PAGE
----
Eating together as a team is a great way to build office culture and community, but what if, instead of a national sandwich chain, your office ordered lunch from a local Lebanese catering company run by two sisters who make homemade hummus from their grandmother’s recipe? What if, instead of another box of pizza for your happy hour, your company ordered Nigerian food, and in addition to a delicious meal, you got to experience a new cuisine and get to know the local business that serves it?
What if every company lunch order supported independent restaurateurs, caterers, and food truck owners in your neighborhood, and broadened your pallet? This is part of the philosophy that drives FoodtoEat, a corporate catering concierge service that connects big business to local vendors, and local vendors to the steadiness and supply of the corporate catering game. “Catering is the holy grail for food trucks and food carts,” says Deepti Sharma, founder and CEO, “It’s predictable, it’s high-volume, and—crucial in places like New York—it’s a year-round business.”
Back in 2011, inspired by a 20-minute wait for a to-die-for cookie at a food truck, Deepti started wondering about the cookie vendor, “Here’s this woman who had a great idea (bakery on wheels!), but the only way to access her food is to figure out where she was, walk up, wait in line, and use cash.” Deepti got curious and started interviewing food truck owners about the business issues they faced. “A lot of them didn’t see themselves as small business owners,” she said, “They said, ‘It’s just a job.’” But did it have to be “just a job?” Deepti saw an opportunity to help these small businesses stabilize and thrive.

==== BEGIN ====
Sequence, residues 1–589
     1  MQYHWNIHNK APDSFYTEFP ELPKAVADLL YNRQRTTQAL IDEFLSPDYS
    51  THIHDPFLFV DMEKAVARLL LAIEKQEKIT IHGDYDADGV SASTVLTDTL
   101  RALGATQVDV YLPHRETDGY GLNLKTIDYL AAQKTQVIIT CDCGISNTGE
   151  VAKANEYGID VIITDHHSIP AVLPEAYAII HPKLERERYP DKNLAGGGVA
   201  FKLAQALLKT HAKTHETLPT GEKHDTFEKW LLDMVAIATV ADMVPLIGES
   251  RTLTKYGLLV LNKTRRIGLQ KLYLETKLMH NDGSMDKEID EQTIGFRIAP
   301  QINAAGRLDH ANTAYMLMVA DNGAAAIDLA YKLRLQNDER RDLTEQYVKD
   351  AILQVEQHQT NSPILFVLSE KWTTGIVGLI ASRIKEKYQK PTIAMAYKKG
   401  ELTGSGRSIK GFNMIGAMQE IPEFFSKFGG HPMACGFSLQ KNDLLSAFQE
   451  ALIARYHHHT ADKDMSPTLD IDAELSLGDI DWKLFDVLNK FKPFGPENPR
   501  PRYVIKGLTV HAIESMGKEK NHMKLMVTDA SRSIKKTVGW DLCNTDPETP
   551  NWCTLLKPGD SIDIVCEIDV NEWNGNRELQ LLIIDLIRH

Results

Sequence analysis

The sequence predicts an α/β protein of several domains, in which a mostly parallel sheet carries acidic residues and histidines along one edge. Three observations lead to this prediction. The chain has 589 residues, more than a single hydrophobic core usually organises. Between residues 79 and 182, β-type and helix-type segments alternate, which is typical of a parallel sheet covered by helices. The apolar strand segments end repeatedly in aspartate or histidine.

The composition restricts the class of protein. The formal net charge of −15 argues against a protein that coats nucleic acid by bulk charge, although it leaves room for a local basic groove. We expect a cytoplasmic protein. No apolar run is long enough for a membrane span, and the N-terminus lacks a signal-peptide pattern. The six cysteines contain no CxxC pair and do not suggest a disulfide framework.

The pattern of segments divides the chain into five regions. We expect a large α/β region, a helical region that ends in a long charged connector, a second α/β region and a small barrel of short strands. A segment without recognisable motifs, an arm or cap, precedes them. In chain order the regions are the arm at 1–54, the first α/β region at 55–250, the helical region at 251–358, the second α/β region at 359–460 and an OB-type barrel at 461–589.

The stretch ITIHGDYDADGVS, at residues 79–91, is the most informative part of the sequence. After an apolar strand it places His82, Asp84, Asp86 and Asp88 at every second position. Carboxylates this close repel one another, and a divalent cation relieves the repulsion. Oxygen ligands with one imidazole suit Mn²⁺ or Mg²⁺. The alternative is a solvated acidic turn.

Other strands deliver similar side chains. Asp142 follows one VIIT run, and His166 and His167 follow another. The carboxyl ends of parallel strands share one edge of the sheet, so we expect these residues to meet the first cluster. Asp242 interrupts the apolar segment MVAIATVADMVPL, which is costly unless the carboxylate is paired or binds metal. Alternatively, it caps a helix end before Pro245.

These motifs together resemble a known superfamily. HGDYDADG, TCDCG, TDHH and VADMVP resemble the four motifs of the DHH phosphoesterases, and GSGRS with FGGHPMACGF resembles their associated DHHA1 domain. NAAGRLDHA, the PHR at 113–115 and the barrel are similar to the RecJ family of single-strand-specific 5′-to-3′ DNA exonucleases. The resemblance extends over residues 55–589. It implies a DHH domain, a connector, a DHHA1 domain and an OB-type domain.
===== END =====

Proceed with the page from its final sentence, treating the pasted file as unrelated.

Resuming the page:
Her initial ordering platform struggled to get off the ground, but as FoodtoEat evolved the essential mission of supporting small vendors has stayed central to the company’s goals. In 2015, Deepti pivoted and launched a concierge catering service to give local food trucks and carts access to steady, large-scale, weatherproof gigs.
Today, FoodtoEat has effectively become the sales and marketing team for local food vendors and restaurants too small to have their own teams. Storytelling is a big part of the marketing strategy. “When we tell the vendor story, it makes people more interested in the food that they’re eating, and makes them feel excited to support a local business,” says Deepti. Semsom, the Lebanese sisters with the homemade hummus, are an example of the kind of local vendor that office managers are excited to support.
Although secondary to the vendors’ bottom line, cultural education is a big piece of the success pie for FoodtoEat. “We want people to understand what’s out there,” says Deepti, “People can usually only name a few types of food: Mexican, Indian, Thai, Chinese, and Japanese.” What about Nigerian cuisine? That’s where Egunsi Foods comes in. Founder Yemisi mixes West African flavors (and works with West African vendors for her spices) and explores different African cuisines to help “normalize” these flavors for first-timers. What about Chinese food beyond lo mein? Mr Bing is a newer FoodtoEat vendor that offers savory crepes, a common street food in China that is still unfamiliar to many Americans. “China is a huge country and there are so many different kinds of cuisines! We want to bring something to our clients that’s out of the box.”